Today, Kissa Qhwani Bazaar, I gather, looks much like the rest of the frontier between Afghanistan and Pakistan where men in long flowing beards in pakuls and salwar-kameez walk the streets, Kalashnikovs by their side and distrust in their eyes. But I could be wrong of course, because the legacy of Kissa Qhwani bazaar is intertwined with the most courageous act of pacifism in the history of man. The red dust that lines the streets that lead to this market square is an ever present reminder of the day when proud Pathan blood flooded these streets and anointed this square with the mark of nearly a thousand martyrs – nameless numbers today, and yet as brave as the bravest of them all.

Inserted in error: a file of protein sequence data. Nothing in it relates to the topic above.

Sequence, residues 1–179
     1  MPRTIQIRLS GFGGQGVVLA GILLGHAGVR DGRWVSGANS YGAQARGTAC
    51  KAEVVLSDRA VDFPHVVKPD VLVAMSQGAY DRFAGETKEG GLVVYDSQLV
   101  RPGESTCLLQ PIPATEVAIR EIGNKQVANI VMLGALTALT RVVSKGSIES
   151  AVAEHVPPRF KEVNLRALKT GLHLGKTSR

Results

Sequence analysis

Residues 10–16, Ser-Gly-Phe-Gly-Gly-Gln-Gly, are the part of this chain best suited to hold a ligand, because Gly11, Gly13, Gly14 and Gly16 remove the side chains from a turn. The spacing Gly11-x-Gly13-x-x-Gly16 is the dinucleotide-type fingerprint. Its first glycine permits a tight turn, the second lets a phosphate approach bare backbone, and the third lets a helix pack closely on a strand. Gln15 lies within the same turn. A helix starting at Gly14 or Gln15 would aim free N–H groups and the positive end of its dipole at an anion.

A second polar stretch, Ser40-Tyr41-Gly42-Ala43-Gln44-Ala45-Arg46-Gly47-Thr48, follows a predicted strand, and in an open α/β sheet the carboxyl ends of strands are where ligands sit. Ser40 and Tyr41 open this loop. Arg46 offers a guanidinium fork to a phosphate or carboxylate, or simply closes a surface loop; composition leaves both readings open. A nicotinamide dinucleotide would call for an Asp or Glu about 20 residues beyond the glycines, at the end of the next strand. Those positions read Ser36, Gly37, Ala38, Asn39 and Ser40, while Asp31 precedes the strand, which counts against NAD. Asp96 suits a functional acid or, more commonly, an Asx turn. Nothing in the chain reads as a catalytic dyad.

This is the tragic story of their greatest glory. The story begins with the arrest of Khan Abdul Ghaff ar Khan, the tall soldier of peace and pacifism on April 23rd,1930. Ghaff ar Khan, a Pashtun (Pathan) leader whose spiritual integrity and commitment to non-violence and the cause of Undivided India’s independence had won him the devotion of thousands of his countrymen, especially Pathans, had started a social reform movement with his band of 100,000 followers, a non-violent army called the Khudai Khidmatgars (servants of God).